A shortcut to smiles for miles

A shortcut to smiles for miles

There is a great paradox in the tradition of drinking alcoholic drinks. People associate it with a surge in their mood and the good times but in actual fact alcohol as a chemical is a depressant. Wouldn't it be better if we could still have the drinks with dinner, the parties, the time with friends, and not combat these good times with latent effects of alcohol sending our mood south?

One of the effects alcohol has on the human brain is to trigger dopamine in the reward centre. I know what you’re thinking “Dopamine is a feel-good right?”. Well, yes dopamine being released in the reward centre is what happens when pleasurable stuff happens. But here is the twist. Alcohol triggers this whilst also affecting brain chemistry by altering the function of neurotransmitters. The specific receptors affected are Gaba and glutamate and their levels are altered artificially by the alcohol which accounts for the depressant effects.

So whilst we think we are experiencing something pleasurable it’s not beneficial for our mood moving forward. In fact, levels of serotonin (a hormone regulating our mood and happiness), which is also triggered by alcohol, can actually be diminished over time through drinking alcoholic drinks.


There are various names for the mood that can be caused following consumption of alcohol. ‘Hangxiety’ is a famous one coined by a leading professor of neuropsychopharmacology. It refers to the low feeling following consumption of alcohol and it is in stark contrast to feeling fresh, motivated and excited for the day. This occurs as the body tries to correct the imbalance in brain chemicals mentioned above. Your body works hard to correct the levels of Gaba and glutamate receptors whilst under the effects of alcohol. So afterwards you end up with unnatural levels of each which leads to anxiety. It can take several days for this imbalance to be addressed. Explaining the effects alcohol has on the brain is very complicated stuff. And it’s complicated because it acts on an intricate and balanced system of chemicals. This fact alone might make us think twice about whether it might be beneficial to opt for an alcohol free option.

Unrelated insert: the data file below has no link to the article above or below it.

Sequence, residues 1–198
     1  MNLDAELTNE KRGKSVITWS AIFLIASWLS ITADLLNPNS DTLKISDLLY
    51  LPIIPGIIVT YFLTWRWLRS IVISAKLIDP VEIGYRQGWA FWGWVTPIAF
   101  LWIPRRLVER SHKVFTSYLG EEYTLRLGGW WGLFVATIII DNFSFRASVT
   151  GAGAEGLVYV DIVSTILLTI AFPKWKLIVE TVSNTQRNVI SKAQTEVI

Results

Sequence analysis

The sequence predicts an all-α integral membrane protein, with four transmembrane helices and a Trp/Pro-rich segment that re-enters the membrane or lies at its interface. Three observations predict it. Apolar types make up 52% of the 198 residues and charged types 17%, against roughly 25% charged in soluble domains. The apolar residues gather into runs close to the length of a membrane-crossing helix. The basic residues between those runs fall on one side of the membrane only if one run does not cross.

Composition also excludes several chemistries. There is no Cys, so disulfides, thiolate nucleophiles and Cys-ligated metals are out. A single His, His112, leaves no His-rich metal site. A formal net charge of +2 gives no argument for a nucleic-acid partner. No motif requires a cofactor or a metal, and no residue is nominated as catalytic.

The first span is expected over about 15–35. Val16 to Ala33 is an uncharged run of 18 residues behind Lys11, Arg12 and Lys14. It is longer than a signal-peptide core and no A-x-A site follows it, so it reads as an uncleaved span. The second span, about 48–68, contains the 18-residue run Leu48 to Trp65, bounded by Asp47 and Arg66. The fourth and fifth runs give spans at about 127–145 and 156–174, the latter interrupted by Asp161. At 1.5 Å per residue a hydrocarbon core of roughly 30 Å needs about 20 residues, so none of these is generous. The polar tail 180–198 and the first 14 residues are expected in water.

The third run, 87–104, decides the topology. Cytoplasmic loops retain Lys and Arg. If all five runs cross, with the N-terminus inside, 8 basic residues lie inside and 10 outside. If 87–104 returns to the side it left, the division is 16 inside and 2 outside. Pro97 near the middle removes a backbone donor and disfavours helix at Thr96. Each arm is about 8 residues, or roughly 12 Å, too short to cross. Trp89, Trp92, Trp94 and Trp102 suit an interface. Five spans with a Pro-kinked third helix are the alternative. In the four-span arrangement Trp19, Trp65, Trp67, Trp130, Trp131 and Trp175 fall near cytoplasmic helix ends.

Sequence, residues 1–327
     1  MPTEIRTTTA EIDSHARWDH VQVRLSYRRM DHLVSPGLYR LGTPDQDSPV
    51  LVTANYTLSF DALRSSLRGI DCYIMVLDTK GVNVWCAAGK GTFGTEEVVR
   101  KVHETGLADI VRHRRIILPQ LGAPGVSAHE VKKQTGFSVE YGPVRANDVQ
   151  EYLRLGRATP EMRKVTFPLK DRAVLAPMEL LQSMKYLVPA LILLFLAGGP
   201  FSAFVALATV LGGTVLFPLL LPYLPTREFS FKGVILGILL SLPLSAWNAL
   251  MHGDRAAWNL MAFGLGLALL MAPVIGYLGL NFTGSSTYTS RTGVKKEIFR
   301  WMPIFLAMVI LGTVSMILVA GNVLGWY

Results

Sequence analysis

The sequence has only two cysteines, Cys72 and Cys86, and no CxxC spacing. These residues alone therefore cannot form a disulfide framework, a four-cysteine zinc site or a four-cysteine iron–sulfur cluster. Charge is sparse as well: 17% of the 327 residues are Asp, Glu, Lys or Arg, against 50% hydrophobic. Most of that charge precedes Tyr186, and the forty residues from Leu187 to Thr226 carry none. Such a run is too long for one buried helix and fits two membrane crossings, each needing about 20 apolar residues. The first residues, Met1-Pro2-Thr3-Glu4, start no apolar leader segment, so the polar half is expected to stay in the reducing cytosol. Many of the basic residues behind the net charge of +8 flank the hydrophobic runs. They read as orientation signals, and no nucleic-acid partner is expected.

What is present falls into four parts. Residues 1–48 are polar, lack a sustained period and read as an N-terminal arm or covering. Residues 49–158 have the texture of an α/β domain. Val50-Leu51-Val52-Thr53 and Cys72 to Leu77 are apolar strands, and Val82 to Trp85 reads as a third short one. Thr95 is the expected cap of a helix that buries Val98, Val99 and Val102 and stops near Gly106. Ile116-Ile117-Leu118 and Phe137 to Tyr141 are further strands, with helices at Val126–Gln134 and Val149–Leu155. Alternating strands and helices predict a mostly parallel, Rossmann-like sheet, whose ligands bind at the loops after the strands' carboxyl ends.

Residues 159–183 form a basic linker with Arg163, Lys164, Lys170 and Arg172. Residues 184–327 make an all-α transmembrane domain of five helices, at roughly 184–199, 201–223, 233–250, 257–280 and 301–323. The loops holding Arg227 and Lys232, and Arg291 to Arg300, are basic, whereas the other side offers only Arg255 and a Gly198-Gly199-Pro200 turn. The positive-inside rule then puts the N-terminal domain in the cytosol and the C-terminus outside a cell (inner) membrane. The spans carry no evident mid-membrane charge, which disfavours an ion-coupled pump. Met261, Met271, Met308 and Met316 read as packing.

Let’s get beer specific for a moment. Studies have shown that a substance called hordenine can have mood boosting properties. Hordenine is a naturally occurring alkaloid found in various plants including malt that is one of the ingredients in beer. Obviously, given what we’ve already said, it makes a lot of sense to take your beer without the alcohol if you want to make the most of this perk!

The detailed neuroscience aside there is one more straightforward reason that alcohol free drinks will benefit your mood. The post drink experience and what is possible in those hours and days is vastly different. As a result you are far more likely to partake in tasks, activities or interactions that in themselves boost your mood. This might mean you perform well at work or decide to enjoy a bike ride at the weekend but either way the ability to do these things comes by avoiding alcohol and the negative aftereffects.

As human beings we are inherently social animals. One of the most beneficial things for us to boost our mood is to indulge this side of our being and gather with our friends and family. Accompanying these gatherings with drinks is part of our culture and no doubt a great accompaniment but if these drinks are alcoholic then we are setting ourselves up to suffer off the back of it. With the opportunity of having the mood boosting benefits of spending time socialising without the problematic consequences of alcohol why
would we pass it up?

 

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